Canvas Bucket

Some people hate them.  I don’t think I could live on board a boat without one.  The traditional yachtsman’s canvas bucket is an essential on Cay of Sea.

Canvas Bucket Uses

Anytime you wish to draw up water from the bay/ocean/river/lake.  For us, this means washing mud off the foredeck after retrieving the anchor.  But I also use it to wash down the cockpit, deck – anytime I want water.

Why Canvas – Why not Plastic?

Canvas doesn’t scratch the topsides or deck (to be fair, neither does plastic).  It’s easy to store because it collapses.  The handle won’t break or come unattached.  You can leave the retrieval line attached to the handle and it doesn’t foul anything else – it stores in the bucket.  It’s reasonably water tight, but you can take advantage of the slow leak through the fabric if you just wish to dribble water on something.

Where to buy a Canvas Bucket

I didn’t know until minutes ago when I googled them.  For $33 you can get a “Klein” canvas bucket. Hmm….  I didn’t see anything much cheaper through google.  Are you kidding me?  We’re talking about a bucket made out of rope and canvas.  $5 worth of materials at best.  This one (below) features some leather at the handle splices, and a polyethylene ring around the rim.

Some leather bits, polyethylene ring at the rim and 35 inches of canvas cost $33.

Admittedly, a polyethylene ring would be okay.  Leather at the splices?  Well, it gets wet all the time and stays out in the weather.  Maybe not.

Build Your Own

We made our last 2 canvas buckets about 6 years ago.  They last a long time, especially considering that they live out in the weather most of the time.  When they are wet, we hang them to dry on the stern rail.  We could – and should – bring them in after drying, and that would make them last longer (out of the sun).  Both of our buckets are UV rotted, and it’s time to replace them.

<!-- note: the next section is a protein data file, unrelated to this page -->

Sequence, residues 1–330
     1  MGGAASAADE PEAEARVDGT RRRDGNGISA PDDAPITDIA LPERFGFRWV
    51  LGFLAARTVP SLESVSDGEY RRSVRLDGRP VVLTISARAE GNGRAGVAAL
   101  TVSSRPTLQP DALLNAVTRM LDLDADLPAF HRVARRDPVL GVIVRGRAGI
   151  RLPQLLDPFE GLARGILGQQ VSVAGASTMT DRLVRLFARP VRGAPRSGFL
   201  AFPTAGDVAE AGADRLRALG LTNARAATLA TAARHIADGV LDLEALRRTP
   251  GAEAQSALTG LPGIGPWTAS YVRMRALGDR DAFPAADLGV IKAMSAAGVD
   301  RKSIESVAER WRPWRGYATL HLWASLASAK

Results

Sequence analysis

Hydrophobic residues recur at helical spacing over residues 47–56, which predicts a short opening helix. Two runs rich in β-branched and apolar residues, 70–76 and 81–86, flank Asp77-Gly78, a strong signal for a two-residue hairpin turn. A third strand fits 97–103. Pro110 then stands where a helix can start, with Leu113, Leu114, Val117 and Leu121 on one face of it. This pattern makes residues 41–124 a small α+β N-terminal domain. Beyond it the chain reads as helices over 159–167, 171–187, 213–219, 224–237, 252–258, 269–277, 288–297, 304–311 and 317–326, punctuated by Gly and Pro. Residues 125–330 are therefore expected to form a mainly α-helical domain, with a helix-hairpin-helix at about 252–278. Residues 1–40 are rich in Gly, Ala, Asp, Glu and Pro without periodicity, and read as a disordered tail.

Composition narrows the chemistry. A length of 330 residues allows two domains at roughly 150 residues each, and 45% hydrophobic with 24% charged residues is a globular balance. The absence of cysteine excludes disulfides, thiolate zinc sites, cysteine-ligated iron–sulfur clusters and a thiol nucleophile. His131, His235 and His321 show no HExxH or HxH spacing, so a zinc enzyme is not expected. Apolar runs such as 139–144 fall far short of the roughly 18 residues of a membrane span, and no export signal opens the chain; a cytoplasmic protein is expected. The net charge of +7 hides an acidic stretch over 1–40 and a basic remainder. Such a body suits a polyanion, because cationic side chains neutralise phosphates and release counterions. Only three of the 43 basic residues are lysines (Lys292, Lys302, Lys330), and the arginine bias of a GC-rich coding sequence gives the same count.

Before I go further, let me say that the design and most of the sewing you see here was done by Ruth, my very talented wife.

So how are they built?  We start with 10 ounce untreated canvas approximately 10 x 30 inches, and add seam allowances.  This rectangle is sewn into a circle, or tube about 9 inches in diameter and 10 inches deep.  Then we cut out a 9 inch circle of canvas and sew it to one end of the tube.  This is the basics of the bucket.

Here is the rectangular panel sewed together into a tube, with the rim turned down in preparation for the bolt-rope rim.


The way we’ve done this in the past is to splice a piece of 1/2 inch three-strand polyester line into a circle.  You end up with a splice that is about half the distance around the rim, which is okay.  This provides one side of the rim that is heavier, and it will sink and fill more rapidly.  If unsatisfied with the way it fills, you can lash a couple ounces of fishing weights into one side of the rim.  Technically, any rope that runs through a sleeve in canvas to strengthen it is called a bolt rope.

This is a spliced rim that I’ve bound with thread to make it more compact. This splice is so strong that you could tow a boat with it. A bucket rim doesn’t need to be anything like that strong.

This time, though, I think I will stitch the ends of three-strand together.  The reason being, that splicing both ends of a piece of line at the same time is unwieldy and time-consuming.  I think stitching will be faster and neater.  Besides, the rim doesn’t really need the strength of a splice.  That’s over-kill by a long shot.  It just needs to stay together.